Polymer metallization via cold spray additive manufacturing is an emerging thermal spray approach for deposition of thick metallic coatings on polymers and fiber-reinforced composites that promises high productivity, ecofriendliness, and scalability of the coating process. In polymer metallization via cold spray, solid metallic powder is accelerated by a supersonic stream of preheated gas and propelled toward a polymer substrate, where it is built layer-by-layer via impact-induced heating and particle deformation. Since the pioneering study at Cambridge in 2006, nearly 50 experimental reports on polymer metallization via cold spray have been published, half of which have appeared within the past three years. This review distinguishes cold spray from other thermal spray methods, analyzes the peculiarities of cold spraying on polymers and fiber-reinforced composites, outlines the historical establishment of the field, and summarizes the available literature on polymer metallization via cold spray. The major focus here is on the influence of the cold spray process parameters on the deposition efficiency, adhesion strength, electrical conductivity and other properties of metallic coatings formed on polymers and fiber-reinforced composites. The promising applications of cold spray additive manufacturing in lightning strike protection, electroplating, osseointegration, antifouling, antivirus, e.g. anti-Covid-19 surfaces, and other surface functionalizations have been reviewed. Finally, recommendations were given on how to enhance the data reuse in future studies on polymer metallization via cold spray.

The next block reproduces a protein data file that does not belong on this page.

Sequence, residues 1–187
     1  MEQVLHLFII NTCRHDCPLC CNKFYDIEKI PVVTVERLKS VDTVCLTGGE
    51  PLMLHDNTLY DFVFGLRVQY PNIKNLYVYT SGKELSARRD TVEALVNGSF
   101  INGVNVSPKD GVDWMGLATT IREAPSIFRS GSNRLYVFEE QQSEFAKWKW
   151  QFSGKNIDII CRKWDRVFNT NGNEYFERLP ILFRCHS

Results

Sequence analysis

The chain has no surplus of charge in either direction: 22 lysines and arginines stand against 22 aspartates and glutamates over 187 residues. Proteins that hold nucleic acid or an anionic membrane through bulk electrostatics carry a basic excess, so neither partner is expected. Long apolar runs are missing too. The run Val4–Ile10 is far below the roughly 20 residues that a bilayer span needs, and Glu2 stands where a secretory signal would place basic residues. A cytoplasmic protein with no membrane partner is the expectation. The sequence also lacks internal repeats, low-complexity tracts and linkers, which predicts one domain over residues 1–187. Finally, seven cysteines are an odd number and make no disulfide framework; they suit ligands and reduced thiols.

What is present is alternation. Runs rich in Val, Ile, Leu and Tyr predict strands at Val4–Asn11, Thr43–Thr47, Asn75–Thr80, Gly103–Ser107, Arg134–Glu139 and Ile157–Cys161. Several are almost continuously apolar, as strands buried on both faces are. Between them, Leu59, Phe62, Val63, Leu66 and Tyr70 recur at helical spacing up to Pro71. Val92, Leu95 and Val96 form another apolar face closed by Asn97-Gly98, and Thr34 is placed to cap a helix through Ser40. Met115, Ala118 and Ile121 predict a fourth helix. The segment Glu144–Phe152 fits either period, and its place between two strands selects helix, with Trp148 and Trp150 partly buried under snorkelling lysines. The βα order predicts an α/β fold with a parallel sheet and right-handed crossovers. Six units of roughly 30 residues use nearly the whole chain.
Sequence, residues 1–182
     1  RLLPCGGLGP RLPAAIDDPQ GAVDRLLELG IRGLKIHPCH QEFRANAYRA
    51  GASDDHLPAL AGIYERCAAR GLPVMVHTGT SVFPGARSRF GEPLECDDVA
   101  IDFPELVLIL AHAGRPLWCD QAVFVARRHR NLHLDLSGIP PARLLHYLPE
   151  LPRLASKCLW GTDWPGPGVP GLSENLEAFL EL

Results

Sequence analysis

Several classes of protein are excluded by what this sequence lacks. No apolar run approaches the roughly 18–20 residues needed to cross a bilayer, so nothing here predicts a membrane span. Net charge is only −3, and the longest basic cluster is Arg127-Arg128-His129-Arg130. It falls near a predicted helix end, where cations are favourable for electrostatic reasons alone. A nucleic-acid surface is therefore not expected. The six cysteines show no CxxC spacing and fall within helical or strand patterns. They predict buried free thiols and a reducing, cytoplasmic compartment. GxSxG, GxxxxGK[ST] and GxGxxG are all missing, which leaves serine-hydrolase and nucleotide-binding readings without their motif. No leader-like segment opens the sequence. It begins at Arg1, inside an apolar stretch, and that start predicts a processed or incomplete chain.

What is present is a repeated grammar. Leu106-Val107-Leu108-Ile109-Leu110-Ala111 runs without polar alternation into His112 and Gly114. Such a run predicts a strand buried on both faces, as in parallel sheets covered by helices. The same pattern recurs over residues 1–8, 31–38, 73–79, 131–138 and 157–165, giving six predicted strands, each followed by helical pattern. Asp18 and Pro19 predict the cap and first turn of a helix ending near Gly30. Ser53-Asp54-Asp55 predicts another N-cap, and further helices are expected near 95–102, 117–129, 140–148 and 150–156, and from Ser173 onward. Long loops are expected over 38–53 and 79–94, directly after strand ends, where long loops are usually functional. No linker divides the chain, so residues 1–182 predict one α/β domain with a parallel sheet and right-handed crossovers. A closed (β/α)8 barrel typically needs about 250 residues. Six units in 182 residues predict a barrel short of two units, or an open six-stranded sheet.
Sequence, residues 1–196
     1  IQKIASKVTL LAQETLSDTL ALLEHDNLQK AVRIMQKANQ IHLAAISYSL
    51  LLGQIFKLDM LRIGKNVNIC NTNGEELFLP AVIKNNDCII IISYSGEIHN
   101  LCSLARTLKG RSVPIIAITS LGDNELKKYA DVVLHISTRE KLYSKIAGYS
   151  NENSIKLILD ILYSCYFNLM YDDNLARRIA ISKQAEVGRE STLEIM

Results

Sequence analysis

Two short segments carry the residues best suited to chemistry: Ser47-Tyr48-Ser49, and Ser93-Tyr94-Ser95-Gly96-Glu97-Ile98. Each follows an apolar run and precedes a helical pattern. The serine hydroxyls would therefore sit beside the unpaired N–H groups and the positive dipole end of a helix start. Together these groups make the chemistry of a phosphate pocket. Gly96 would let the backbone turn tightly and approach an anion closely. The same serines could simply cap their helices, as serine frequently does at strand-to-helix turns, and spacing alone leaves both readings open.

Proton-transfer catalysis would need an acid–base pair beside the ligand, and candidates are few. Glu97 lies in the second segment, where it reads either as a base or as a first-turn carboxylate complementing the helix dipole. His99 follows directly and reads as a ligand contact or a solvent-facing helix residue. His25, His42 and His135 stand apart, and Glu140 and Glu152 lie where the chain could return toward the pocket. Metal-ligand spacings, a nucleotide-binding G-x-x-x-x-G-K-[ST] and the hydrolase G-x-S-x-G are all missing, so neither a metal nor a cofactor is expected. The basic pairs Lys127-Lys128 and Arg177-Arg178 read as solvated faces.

ASJC Scopus subject areas
- Engineering (miscellaneous)
- Biomedical Engineering
- Materials Science(all)
- Industrial and Manufacturing Engineering